The Replay Model - Using WS-RM 1.0 across the public Internet and with anonymous clients

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  • By Paul Fremantle
  • 6 Nov, 2007

Authors

Paul Fremantle, WSO2

Marc Goodner, Microsoft

Center for ServiceOriented Infrastructure, Danish National IT and Telecom Agency (NITA)

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Summary

This document does not define a new protocol. Rather it defines a particular usage of the WS-ReliableMessaging 1.0 and WS-Addressing protocols in order to enable reliable request-response Web service messages for anonymous clients. As such this document introduces no new wire formats,schema WSDL or Policy assertions.

When a Web service client is not directly addressable it is said to be anonymous. The classic example of an anonymous client is when the requestor is behind a firewall or a NAT service. In this case only the requestor can initiate communication to the responder. The responder is limited to sending responses on an underlying transport back channel created by the request, the canonical example being the HTTP response channel that is created for any HTTP request. This is the defining characteristic of an anonymous client: it can only receive responses from a Web service on a transport back channel provided by a request that it initiates. This document addresses problems faced by anonymous Web service clients that use WS-RM. When an anonymous client is using WS-RM the way the responder communicates acknowledgments and response retransmissions required by the WS-RM protocol to the requestor are restricted. This document describes how work within these restrictions to enable the use of WS-RM with request-response Web service messages for anonymous clients.

This paper is intended for an audience familiar with general web services topics. Familiarity with WS-ReliableMessaging and WS-Addressing is not absolutely essential but would be helpful.

1.Introduction

SOAP is a widely used XML based communications protocol that was designed to be web-friendly. In the current Internet environment, a large part of being web-friendly is working with non-addressable clients, also known as anonymous clients. An anonymous client is one that cannot receive incoming connections because it is behind a firewall or network address translation(NAT) router. The way this is usually achieved is by layering over HTTP,which is a well understood protocol and supported by most firewalls, and in particular the usage of HTTP request-response.

For example, imagine you are sitting at your favourite coffee shop,browsing the web over WiFi. The IP address of your laptop will most likely bea “private IP address” [RFC1918] which is actually being handled by a firewall that uses Network Address Translation. Here your laptop is acting as an anonymous client. What this means is that while your laptop can initiate connections to remote sites, it is not possible for machines on the wider Internet to initiate connections to your machine. All the information coming to your laptop is being sent on the response channel of the HTTP connections that are being initiated from your laptop. This response channel we will refer to as the back channel.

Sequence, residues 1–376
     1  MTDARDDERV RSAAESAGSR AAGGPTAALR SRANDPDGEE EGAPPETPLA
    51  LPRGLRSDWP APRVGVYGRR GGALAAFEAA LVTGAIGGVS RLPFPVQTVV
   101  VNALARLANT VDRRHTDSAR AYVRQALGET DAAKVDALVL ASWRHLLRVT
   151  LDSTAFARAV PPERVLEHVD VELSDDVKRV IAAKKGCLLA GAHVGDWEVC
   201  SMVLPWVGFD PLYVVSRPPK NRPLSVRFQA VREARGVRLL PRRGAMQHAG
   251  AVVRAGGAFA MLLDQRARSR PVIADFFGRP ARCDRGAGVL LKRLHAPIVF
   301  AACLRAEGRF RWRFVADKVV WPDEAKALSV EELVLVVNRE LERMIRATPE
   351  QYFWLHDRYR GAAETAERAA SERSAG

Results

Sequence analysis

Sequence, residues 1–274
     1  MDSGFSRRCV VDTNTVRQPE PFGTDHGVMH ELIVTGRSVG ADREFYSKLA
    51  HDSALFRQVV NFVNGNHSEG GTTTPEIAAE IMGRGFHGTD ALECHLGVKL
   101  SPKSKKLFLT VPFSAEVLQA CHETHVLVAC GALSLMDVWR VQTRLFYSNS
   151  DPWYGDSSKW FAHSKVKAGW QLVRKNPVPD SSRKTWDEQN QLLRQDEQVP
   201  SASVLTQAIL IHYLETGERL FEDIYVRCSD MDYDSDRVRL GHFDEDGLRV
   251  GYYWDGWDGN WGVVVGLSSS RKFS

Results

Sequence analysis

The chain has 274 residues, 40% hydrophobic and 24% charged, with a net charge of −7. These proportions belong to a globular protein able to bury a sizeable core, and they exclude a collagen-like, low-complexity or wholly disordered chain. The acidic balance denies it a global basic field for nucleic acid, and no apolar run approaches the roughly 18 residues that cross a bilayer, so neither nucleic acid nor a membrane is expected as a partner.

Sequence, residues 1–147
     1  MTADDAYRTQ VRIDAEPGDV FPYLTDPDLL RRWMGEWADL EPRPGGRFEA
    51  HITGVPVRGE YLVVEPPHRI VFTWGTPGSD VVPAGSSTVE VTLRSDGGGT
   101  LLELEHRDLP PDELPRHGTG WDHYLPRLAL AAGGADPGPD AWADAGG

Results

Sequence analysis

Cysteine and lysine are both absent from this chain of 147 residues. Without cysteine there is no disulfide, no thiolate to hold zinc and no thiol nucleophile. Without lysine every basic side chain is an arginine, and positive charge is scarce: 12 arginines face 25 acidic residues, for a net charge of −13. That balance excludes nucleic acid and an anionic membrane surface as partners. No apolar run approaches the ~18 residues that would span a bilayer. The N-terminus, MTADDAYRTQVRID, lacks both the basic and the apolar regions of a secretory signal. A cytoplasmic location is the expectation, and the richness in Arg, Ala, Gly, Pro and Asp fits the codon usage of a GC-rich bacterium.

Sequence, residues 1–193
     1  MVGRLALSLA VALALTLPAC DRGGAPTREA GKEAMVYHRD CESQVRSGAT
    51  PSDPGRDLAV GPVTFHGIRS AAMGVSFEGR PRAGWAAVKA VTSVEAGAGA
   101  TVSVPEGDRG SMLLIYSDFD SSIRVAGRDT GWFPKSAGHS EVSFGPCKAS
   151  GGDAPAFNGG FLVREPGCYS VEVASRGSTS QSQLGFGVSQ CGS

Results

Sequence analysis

Now let’s look at the WS-ReliableMessaging 1.0 specification[WS-ReliableMessaging]. This specification enables SOAP based reliablemessaging based on acknowledgments. The receiver of messages, known as the Reliable Messaging Destination (RMD), sends acknowledgments back to the Sender (RMS). If a message goes missing and is unacknowledged, the RMS willresend it. The sender must provide an address where acknowledgments will be sent, this is referred to as the AcksTo address.

This works fine for one-way SOAP messages with anonymous clients. This is because the acknowledgements can flow on the back channel and the client (the sender) can always contact the HTTP server (the destination).

Now let’s take the case where there are request-response flows at the SOAP level. To transmit a and application SOAP response the HTTP server is now also acting as a RM Sender and the client is acting as an RMDestination. The problem comes if a SOAP response message goes missing, the very problem WS-RM is intended to address. The HTTP server will need to resend this message, but remember it cannot initiate new connections to the client. So effectively it cannot resend messages even though it is using WS-RM.

The result is that without employing some clever techniques, we cannot implement two-way reliability over a synchronous HTTP connection. This paper describes the techniques employed to make this work with WS-RM 1.0.